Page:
Wilson v City of New York, 2012 NY Slip Op 07570, Appellate Division, First Department
Supreme Court, New York County, Justice Alice Schlesinger granted a probationary New York City correction officer’s petition to vacate and annul the appointing authority's' decision to terminate him from his position and reinstated him to his former position without back pay.
The Appellate Division unanimously reversed Justice Schlesinger’s ruling “on the law” and affirmed the City’s determination terminating the correction officer from his position.
The court explained that “A probationary employee may be dismissed for almost any reason, or for no reason at all, and the employee has no right to challenge the termination in a hearing or otherwise, absent a showing that he or she was dismissed in bad faith or for an improper or impermissible reason,” citing Swinton v Safir, 93 NY2d 758.
Further, the Appellate Division said that the burden falls on the petitioner to demonstrate by competent proof that a substantial issue of bad faith exists, or that the termination was for an improper or impermissible reason.*
There is one exception to this general proposition, however. A probationary employee appointed to a position in the Classified Service to be terminated prior to the end of his or her minimum period of probation is entitled to a hearing pursuant to §75 of the Civil Service Law or its equivalent as such probationary employees hold permanent appointment and enjoy limited tenure rights.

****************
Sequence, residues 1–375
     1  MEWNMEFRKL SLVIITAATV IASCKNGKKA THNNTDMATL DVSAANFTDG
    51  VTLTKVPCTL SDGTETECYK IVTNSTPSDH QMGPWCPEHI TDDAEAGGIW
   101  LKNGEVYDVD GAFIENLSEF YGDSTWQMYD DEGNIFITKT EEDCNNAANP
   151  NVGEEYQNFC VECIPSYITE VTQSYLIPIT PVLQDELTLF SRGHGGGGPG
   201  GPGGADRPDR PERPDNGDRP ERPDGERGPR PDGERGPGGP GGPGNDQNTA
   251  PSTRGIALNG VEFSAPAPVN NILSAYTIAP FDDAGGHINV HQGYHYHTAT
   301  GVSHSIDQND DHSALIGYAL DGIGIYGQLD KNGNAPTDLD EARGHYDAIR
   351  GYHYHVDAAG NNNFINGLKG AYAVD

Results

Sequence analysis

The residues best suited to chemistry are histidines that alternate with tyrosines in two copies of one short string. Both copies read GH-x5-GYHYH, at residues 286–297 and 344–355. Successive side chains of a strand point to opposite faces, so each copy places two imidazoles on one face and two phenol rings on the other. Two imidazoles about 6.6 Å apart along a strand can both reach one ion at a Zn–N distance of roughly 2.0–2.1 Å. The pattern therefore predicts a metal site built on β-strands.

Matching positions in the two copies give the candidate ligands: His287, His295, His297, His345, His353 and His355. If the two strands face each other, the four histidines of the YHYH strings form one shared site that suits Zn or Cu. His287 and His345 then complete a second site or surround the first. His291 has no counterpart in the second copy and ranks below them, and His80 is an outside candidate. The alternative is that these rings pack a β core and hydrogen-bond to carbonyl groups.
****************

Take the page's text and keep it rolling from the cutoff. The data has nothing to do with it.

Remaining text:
Courts have ruled that probationers are entitled to notice and hearing if the appointing authority seeks to dismiss the individual during his or her minimum period of probation. The rationale for this was noted in McKee v. Jackson, 152 AD2d 54. Here the court said that the probationer is entitled to a minimum period of time to demonstrate his or her ability to successfully perform the duties of the position.
In contrast, as the Court of Appeals held in Gray v Bronx Developmental Center, 65 NY2d 904, a probationer may be dismissed without notice and hearing after completing his or her minimum period of probation and prior to the expiration of his or her maximum period of probation.
* The Appellate Division said that the record demonstrated that the corrections officer was terminated during his probationary period for absenteeism, violation of the appointing authority's rules by failing to report to his post on one occasion, and by being arrested for obstruction of governmental administration while off-duty and that he "failed to sustain his burden of showing bad faith or an improper motive."
The decision is posted on the Internet at:http://www.courts.state.ny.us/reporter/3dseries/2012/2012_07570.htm